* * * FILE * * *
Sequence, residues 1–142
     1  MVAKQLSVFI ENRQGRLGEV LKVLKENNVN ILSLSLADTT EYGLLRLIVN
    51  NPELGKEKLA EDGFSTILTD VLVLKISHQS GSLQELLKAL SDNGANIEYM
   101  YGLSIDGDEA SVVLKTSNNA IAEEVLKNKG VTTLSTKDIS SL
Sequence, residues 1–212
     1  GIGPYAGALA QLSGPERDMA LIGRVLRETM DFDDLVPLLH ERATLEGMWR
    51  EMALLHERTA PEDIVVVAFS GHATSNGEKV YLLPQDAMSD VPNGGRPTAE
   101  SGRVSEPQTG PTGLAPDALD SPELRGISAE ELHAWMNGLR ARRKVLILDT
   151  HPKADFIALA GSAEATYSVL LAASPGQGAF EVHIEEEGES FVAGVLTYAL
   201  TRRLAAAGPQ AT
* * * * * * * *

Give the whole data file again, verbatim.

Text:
Sequence, residues 1–142
     1  MVAKQLSVFI ENRQGRLGEV LKVLKENNVN ILSLSLADTT EYGLLRLIVN
    51  NPELGKEKLA EDGFSTILTD VLVLKISHQS GSLQELLKAL SDNGANIEYM
   101  YGLSIDGDEA SVVLKTSNNA IAEEVLKNKG VTTLSTKDIS SL
Sequence, residues 1–212
     1  GIGPYAGALA QLSGPERDMA LIGRVLRETM DFDDLVPLLH ERATLEGMWR
    51  EMALLHERTA PEDIVVVAFS GHATSNGEKV YLLPQDAMSD VPNGGRPTAE
   101  SGRVSEPQTG PTGLAPDALD SPELRGISAE ELHAWMNGLR ARRKVLILDT
   151  HPKADFIALA GSAEATYSVL LAASPGQGAF EVHIEEEGES FVAGVLTYAL
   201  TRRLAAAGPQ AT